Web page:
New Light-Based Chemotherapy Kills Cancer Cells With Only One Shot

The new single-injection agent selectively targets cancer cells, leaving surrounding tissue alone.
Brad Bergan

Researchers have developed a new phototherapy technology capable of substantially increasing efficiency — while also reducing the pain — of chemotherapy, according to a recent study published in the journal Nano.

The new phototherapy agent also minimizes side effects typically associated with chemotherapy, while eliminating cancer cells.


New light-based chemotherapy only needs one shot

The research team — from Korea Institute of Science and Technology (KIST) and under the leadership of Sehoon Kim from the Theragnosis Research Center — developed a new cancer-targeting phototherapeutic agent capable of eliminating cancer cells with almost no side effects.

The new agent only requires one injection and repeated phototherapy, and was made possible via the collaborative research between Professor Yoon-Sik Lee of Seoul National University and Professor June Ahn of Korea University.

As a cancer treatment modality relying on light, phototherapy technology involves the injection of a photosensitizer. It collects only in cancer cells — which are selectively destroyed when a laser is fired into the body.

Pros, cons of photodynamic therapy

This method has far fewer notable side effects than typical treatments like general chemotherapy or radiation therapy — which almost always cause damage to tissue surrounding cancer cells — which makes repeated treatment more feasible.

Chemotherapy is a treatment process for cancer — where drugs are introduced into the body to fight cancer. One of the most commonly used drugs is called cisplatin — which binds to tumor cell DNA and damages the structure, ultimately killing the cancer cells, New Atlas reports.

Photodynamic therapy is different. It introduces a metal complex into cancerous tumors and zaps it with lasers — creating a reactive species of oxygen that interact with and destroy cancerous cells (among others).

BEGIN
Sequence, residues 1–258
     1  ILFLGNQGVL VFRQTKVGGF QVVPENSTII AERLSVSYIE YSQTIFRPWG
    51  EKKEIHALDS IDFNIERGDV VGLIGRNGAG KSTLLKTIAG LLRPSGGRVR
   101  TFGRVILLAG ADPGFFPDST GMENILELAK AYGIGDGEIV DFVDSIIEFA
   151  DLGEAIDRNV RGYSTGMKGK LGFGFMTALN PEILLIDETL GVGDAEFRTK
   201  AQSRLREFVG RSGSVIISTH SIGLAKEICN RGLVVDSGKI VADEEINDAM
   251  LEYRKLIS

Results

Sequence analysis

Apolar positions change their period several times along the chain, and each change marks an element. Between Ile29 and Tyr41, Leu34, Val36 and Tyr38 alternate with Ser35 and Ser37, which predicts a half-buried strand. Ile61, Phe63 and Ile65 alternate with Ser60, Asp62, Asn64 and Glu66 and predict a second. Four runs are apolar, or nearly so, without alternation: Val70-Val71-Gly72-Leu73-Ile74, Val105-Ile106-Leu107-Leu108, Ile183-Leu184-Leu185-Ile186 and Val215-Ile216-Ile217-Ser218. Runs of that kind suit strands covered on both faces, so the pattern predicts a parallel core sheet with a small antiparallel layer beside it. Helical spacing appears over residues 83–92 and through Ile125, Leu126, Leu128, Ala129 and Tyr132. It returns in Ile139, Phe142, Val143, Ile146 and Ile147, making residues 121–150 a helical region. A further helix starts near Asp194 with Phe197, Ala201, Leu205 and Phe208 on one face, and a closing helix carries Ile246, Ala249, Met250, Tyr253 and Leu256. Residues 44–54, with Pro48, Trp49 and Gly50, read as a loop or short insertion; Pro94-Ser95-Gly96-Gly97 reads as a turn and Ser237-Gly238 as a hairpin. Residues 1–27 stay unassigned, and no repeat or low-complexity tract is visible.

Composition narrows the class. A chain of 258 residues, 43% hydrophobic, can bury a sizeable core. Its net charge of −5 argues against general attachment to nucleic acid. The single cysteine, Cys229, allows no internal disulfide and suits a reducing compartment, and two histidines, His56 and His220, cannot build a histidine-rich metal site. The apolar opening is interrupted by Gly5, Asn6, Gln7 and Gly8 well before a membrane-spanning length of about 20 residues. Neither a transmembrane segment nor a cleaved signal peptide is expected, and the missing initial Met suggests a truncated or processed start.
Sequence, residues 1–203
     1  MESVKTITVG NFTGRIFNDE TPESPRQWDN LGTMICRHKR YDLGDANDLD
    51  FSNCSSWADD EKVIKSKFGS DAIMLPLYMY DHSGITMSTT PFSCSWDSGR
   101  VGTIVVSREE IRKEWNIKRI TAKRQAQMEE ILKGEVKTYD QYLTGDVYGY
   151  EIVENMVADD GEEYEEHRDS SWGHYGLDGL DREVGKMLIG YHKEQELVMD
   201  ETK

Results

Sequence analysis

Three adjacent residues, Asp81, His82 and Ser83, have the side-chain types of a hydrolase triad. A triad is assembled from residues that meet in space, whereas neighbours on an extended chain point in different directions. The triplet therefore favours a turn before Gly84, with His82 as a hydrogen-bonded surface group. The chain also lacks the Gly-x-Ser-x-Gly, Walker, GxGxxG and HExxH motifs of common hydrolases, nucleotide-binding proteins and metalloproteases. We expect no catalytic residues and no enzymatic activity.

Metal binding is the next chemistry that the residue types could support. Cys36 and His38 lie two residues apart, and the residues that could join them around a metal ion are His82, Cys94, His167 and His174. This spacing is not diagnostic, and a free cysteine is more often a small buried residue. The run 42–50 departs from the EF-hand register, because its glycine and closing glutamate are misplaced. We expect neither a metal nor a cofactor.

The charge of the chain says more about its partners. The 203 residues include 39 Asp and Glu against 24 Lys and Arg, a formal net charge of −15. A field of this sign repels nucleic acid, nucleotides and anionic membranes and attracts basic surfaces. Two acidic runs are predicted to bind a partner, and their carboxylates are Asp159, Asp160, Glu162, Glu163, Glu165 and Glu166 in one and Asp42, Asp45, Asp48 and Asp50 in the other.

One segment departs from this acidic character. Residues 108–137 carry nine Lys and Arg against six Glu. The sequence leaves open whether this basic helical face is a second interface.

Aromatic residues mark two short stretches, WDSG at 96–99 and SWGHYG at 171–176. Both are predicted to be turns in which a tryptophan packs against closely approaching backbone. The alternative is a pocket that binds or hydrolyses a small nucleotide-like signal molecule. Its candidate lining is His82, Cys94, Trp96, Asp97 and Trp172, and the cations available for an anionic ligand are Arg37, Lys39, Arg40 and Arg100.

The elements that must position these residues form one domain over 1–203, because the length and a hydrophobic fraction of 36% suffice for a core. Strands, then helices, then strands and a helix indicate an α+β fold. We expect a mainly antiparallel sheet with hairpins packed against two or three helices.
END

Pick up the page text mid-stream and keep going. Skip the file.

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New peptide-based photosensitizer avoid pitfalls

Generally, photosensitizers' effects last only for a single session, which means they must be administered once per treatment procedure. But the drawbacks typically associated with them have plagued their use.

Residual photosensitizer may gather in the skin or eyes, creating light-related side effects — so recipients of the treatment should probably isolate themselves from both sunlight and indoor lighting afterward, so the agent doesn't continue to burn through human tissue.

However, Sehoon Kim and his KIST team employed peptides to selectively target cancer tissues — gathering themselves in a precise order to avoid the common problems typically associated with phototherapy technology.

New phototherapy treatment targets only cancer cells

In short, the research team's peptide-based photosensitizer activates phototherapeutic effects in cancer tissue alone — via the employment of an internalizing RGD peptide (iRGD), which selectively enters and targets cancer tissues in combination with the modulation of its real-time reaction to light.

Upon injection of the new photosensitizer into a living body, body temperature activates it — sending it off to accumulate into a supramolecular arrangement determined by the research team — where it stores itself in and around the tumor. Once phototherapy begins, it can only destroy cancer cells — leaving the surrounding normal tissue unaffected.

Edging closer to possible cure for cancer in 2020s

"We developed a cancer-targeting peptide phototherapeutic agent that forms a depot through supramolecular self-assembly without additional excipients when injected in vivo," said Director Sehoon Kim of KIST Center. "The developed phototherapeutic agent is expected to be useful in future phototherapy as it allows long-term repeated phototherapy without toxicity after only one injection around the cancer until the complete removal of the cancer, and has a simple formulation with a single component."

Nobody wants to get cancer. In oneself or a loved one, the changes chemotherapy bring on both physically and emotionally can make for the better, but are often only for worse. But with new phototherapy methods like the one from this study, new hope is emerging that the 2020s may be the decade to cure cancer, once and for all.